Dragan Velikić was born in 1953 in Belgrade. He grew up in the Croatian town of Pula on the Adriatic coast. From 1972 until 1976 he studied world literature at the University of Belgrade. From 1991 until 1995 he was a columnist with the independent weekly "Vreme", and from 1995 until the spring of 1999 he was editor-in-chief at the publishing house of the Independent Radio B92 in Belgrade. In March 1999 he began living in exile in Budapest and Vienna. He came back to Belgrade in December 2000. He was a DAAD scholar in Berlin from June 2001 to July 2002. From June 2005 to November 2009, Dragan Velikić was the Ambassador of Serbia in Austria. Now he lives in Belgrade as a freelancer. He has published eight novels: Via Pula
, 1991), Hamsin 51
1993), The North Wall
1995), Dante’s Square
1997), The Case of Bremen
2001), Dossier Domaszewski
2003) and The Russian Window
2007), three books of short stories and five books of essays. His books have been translated into twelve European languages. All his novels have been translated into German. For his last novel The Russian Window
(2007) he received the NIN Award and the Meša Selimović Award in Serbia and the Mitteleuropa Award in Austria. The Serbian version of The Russian Window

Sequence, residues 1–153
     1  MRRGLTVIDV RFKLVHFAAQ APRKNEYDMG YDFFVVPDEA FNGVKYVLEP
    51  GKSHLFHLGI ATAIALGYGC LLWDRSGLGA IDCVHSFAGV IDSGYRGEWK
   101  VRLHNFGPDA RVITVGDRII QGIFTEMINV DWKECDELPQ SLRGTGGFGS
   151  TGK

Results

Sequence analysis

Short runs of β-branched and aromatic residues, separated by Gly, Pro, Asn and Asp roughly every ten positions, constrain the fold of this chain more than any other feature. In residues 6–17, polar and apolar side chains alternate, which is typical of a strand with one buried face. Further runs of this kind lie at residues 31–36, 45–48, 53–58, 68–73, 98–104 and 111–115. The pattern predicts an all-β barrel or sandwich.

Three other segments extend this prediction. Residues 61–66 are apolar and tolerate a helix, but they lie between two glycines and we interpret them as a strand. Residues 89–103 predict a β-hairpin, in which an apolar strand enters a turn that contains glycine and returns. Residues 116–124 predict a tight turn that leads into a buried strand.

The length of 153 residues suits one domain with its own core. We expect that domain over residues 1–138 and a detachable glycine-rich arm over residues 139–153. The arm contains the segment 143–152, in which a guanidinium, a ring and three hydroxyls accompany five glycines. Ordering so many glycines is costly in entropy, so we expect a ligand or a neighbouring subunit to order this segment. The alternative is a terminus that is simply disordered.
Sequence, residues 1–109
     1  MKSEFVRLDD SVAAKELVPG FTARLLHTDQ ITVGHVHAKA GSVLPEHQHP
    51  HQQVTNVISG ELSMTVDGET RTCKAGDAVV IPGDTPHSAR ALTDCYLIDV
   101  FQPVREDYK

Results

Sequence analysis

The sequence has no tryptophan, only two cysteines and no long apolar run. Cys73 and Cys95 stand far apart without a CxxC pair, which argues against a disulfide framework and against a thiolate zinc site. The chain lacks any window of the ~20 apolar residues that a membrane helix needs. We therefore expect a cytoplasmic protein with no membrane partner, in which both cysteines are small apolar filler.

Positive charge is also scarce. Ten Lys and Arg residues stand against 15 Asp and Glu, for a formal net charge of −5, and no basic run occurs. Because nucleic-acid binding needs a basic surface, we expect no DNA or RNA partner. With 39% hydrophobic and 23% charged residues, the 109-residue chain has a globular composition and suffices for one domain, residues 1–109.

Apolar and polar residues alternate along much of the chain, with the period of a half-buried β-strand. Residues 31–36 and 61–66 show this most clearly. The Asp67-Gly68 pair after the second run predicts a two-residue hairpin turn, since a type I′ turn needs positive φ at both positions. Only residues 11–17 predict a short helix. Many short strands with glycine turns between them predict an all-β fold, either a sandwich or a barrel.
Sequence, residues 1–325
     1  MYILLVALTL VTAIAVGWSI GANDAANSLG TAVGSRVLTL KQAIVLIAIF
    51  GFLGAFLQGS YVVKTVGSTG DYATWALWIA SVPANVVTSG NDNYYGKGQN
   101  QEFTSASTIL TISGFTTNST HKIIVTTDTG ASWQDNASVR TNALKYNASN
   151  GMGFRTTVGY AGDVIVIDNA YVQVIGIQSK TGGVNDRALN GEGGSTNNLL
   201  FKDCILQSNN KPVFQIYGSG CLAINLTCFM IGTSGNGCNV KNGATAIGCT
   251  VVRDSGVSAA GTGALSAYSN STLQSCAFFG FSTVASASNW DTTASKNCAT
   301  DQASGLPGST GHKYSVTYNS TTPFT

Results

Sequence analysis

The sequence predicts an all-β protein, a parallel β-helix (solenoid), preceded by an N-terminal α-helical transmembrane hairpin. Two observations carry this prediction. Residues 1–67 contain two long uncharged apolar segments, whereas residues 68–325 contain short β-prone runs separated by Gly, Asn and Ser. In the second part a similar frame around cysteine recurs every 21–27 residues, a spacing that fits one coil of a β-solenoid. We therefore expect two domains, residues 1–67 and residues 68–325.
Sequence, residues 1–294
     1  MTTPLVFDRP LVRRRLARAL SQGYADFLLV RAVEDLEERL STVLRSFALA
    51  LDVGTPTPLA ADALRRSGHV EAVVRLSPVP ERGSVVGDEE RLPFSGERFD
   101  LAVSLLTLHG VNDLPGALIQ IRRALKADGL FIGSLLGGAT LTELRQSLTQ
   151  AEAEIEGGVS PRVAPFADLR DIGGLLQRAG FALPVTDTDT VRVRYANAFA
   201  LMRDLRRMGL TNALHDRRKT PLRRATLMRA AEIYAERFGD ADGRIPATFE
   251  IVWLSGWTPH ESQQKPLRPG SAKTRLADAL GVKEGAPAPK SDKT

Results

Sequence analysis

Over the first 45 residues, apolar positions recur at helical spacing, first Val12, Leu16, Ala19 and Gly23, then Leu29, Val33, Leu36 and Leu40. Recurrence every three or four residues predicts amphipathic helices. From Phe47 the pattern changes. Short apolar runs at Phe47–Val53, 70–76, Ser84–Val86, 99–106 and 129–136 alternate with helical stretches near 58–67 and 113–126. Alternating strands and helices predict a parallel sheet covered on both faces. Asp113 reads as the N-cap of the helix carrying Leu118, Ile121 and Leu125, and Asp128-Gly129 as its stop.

has been published in 14 editions and it has sold over 22,000 copies. Dragan Velikic has published around a hundred political essays and articles in the European newspapers and magazines.
Nagrada "Zlatni suncokret"
U užem izboru za književnu nagradu "Zlatni suncokret", koju dodeljuje kompanija "Vital", među šesnaest knjiga našla su se i dva Geopoetikina izdanja: "Ubogi Lazar u gradovima" Roberta Tilija i "Hronika sumnje" Vladislava Bajca. Žiri u sastavu Nikola Strajnić, Dragan Jovanović Danilov i Vladimir Gvozden (predsednik), sačinio je uži izbor kandidata za nagradu nakon razmatranja više od 200 naslova.